A sweep second hand watch belted to my right wrist, and rolled inward, just like my Dad. We are both left-handed. Our watches are timed to the second. Eyeglasses are polished and secured firmly around my ears. I sleep in my glasses. Every night. It doesn’t matter that in the dark there is nothing to see. But in daytime, when the sights around me become too harsh, sometimes I’ll take my glasses off for a few moments and let the hard edges of the world blur into gentle softness.

Flaubert said, “Be regular and orderly in your life like a bourgeois, so that you can be violent and original in your work.” Aside from the fact that I take issue with Flaubert’s somewhat patronizing view of the bourgeoisie, I clearly have embraced the “regular and ordinary.” For me, an egg and a perfectly timed watch are both touchstones and a rubric for the day, armor to protect myself from the unknown events that will surely come to pass. As for “violent and original,” even the word “violent” makes me tense. And I do find originality a bit of a fuzzy concept. I prefer to think that creation is something that is always enriched and textured by links to thought that both precedes and often surrounds creators. Maybe that’s why so many people who are so celebrated for originality feel as if they’re frauds. They’re not frauds—they simply are attuned enough to be part of the process.

But to return to the idea of “regular and ordinary” rhythms as a thrum through our days. Every so often there’s hard driving, guilt inducing article lashed out to the world on the steady, regular daily schedules and habits of either highly successful people or downright geniuses or more likely an envy-inducing combination thereof.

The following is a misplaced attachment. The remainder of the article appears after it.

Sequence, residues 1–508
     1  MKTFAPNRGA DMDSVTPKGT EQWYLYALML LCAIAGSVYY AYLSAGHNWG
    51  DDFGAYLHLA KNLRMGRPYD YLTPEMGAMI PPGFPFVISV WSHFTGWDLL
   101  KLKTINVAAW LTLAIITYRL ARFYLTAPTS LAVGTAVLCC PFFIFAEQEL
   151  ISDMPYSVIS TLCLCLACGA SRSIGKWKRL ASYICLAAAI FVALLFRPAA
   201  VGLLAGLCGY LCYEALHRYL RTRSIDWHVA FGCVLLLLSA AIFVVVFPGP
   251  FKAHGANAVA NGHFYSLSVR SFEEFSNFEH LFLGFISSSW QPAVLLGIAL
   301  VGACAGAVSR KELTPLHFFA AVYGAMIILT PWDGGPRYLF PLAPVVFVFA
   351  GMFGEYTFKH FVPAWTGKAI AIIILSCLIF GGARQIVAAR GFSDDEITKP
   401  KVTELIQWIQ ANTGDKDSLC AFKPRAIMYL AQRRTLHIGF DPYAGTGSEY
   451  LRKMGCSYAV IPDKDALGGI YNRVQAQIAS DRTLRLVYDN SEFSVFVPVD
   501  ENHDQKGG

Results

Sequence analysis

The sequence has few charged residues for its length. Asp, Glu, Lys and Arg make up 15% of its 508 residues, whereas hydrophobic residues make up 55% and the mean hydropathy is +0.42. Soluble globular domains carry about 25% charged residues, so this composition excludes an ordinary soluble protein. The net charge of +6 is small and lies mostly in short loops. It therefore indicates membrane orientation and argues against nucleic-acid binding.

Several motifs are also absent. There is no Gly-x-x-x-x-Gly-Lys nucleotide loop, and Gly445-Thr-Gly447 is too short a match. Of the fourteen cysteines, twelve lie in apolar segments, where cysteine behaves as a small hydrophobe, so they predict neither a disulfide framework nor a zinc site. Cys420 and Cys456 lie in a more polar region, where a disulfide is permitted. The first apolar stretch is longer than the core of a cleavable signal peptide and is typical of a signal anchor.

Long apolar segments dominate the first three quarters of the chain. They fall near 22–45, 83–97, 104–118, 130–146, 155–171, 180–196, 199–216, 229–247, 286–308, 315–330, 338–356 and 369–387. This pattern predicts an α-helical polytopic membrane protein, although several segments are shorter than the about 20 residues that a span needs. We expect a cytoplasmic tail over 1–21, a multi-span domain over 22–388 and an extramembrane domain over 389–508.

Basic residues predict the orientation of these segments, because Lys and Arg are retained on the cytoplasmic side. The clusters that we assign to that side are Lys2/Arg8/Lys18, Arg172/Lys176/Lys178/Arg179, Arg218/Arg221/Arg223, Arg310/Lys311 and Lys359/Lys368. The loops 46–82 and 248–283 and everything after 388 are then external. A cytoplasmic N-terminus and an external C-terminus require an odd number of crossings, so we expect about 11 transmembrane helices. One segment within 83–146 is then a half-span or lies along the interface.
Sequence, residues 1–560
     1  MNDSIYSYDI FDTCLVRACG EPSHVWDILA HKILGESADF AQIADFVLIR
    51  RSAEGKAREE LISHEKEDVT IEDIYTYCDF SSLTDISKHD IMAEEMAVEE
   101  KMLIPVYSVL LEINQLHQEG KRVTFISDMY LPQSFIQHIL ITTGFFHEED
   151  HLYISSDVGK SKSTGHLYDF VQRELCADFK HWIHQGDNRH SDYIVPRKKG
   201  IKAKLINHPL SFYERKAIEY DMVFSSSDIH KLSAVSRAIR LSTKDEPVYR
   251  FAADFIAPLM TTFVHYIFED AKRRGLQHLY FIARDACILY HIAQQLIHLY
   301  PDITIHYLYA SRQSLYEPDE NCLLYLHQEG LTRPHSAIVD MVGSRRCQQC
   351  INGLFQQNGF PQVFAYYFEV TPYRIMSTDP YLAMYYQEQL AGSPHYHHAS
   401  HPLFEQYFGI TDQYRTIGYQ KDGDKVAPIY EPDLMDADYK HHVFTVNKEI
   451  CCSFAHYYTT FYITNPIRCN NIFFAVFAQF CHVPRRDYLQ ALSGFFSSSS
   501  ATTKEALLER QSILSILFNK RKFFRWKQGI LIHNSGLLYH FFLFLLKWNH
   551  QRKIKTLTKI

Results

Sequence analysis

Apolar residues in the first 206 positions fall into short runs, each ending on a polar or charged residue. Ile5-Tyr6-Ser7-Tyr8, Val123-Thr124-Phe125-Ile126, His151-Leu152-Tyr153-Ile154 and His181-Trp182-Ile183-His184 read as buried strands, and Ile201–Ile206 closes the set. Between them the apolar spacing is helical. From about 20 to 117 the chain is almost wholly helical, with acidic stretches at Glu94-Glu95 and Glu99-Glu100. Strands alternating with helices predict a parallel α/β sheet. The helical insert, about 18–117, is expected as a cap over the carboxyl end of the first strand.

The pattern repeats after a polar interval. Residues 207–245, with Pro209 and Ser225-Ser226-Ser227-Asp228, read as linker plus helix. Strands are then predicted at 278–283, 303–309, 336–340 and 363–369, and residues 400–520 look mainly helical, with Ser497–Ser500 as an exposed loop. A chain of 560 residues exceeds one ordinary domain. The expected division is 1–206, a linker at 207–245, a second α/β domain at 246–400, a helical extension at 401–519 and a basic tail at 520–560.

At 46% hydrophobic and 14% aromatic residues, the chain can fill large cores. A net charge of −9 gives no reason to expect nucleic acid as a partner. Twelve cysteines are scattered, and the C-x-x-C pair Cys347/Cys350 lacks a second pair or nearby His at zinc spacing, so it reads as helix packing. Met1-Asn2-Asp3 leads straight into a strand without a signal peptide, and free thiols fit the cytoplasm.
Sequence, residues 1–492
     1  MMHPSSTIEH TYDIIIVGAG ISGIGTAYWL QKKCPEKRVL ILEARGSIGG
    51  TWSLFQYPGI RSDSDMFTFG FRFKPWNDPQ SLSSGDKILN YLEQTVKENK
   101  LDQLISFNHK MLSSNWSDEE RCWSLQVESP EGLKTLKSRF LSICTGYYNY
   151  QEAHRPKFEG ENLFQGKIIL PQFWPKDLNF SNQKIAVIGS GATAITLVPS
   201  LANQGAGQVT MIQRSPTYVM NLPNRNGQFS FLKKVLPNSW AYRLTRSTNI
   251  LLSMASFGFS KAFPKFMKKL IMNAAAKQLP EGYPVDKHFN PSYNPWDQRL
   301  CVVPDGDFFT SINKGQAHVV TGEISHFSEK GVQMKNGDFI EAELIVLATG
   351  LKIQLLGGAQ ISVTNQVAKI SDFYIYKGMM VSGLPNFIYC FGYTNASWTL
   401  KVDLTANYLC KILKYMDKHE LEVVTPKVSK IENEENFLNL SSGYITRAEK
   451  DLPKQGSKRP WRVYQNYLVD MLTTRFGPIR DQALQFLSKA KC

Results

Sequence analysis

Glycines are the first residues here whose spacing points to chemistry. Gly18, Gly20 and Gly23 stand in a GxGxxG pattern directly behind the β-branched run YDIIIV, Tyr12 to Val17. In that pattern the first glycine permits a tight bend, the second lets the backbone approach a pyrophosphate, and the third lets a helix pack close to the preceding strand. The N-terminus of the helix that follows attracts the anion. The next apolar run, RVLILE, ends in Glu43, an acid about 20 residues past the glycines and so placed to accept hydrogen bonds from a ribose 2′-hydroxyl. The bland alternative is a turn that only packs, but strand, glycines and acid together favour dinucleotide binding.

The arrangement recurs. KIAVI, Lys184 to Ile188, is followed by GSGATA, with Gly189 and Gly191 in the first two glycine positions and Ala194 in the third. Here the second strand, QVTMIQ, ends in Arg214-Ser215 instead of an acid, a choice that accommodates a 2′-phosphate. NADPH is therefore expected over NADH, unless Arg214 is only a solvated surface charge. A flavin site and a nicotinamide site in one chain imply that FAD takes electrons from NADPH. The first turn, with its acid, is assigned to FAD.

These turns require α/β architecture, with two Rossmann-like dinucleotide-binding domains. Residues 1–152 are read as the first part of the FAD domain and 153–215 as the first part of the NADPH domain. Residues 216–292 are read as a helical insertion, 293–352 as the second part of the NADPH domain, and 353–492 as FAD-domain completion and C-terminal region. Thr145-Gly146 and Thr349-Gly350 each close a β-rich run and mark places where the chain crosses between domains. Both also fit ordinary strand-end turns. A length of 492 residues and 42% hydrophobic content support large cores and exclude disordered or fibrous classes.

These are very Flaubert-like humans:  They wake early, go for long, bracing walks in all weathers, eat sparingly. Not to be overly critical but it’s rare to note that they rarely seem to spend their quality waking hours on little mundanities such as grocery shopping, house cleaning, cooking, and childcare.   I will be honest: I actually like the mundanities,  (I am a bourgeois to my soul, Flaubert!) I embrace them. There’s a fine sense of completion when I manage to fold a mountain of laundry or wrestle a mass of disparate ingredients into an edible dinner.

These small adventures are not for the faint of heart nor are they for everyone. But do I kind of like the thought of Dickens ambling through Target, Beethoven comparing jars of marinara at Trader Joe’s or Flaubert violently shoving a vacuum cleaner around the living room.

The order of my life does two things for me: it allows me pockets of calm. And gives me the possibility of safety.

I desperately need both. Genius or not, don’t we all?

I’m prepared then as well as I can be for real hurts, even the awfulest ones, where you lose a much loved companion. It happens. Of course it does. That carefully constructed structure, my egg, my watch, my grocery shopping, my rhythms, my whatever, is put in place to guard against inevitable pain. There is always happiness too, I revel in it, but I am always prepared for anything else. In this case, “anything else” will happen here soon.

And so in my pockets of calm I smile and remember. I think about one who really knows how to appreciate a good deep sleep. One whose generous heart has welcomed a lot of competition onto his beloved home turf.   One who (almost) uncomplainingly shares all the choice cuts as long as he is always is served first and rather fittingly gets the lion’s share. One who has managed to make all of us certain—in a million little ways– that we are each deeply loved. We adore him. He’s done good.

I don’t know for sure about Heaven. I cling to the idea of the Rainbow Bridge. I want so much to believe in both. All I know for sure is that memory is a powerful thing, a beautiful thing, an amazing thing that can and should infuse and enrich each and every day.

Okay enough. It’s funny. You never know where any conversation will lead you. I was comparing favorite Twilight Zone episodes with one of my sons recently. I’ll save my list of classics for another time. But he mentioned one of his favorites as Nothing in the Dark, starring a very young Robert Redford. The episode concerns an old woman who is terrified of dying. It’s never fair to spoil a Twilight Zone episode and I’m not about to do that here. But he did remind me of a key line from the show.  “What you thought was the end is the beginning.”

I hope that’s true for Big Nick when his time comes. I hope it’s true for all of us.  True for all those we cherish.

With love and affection, Big Buddy.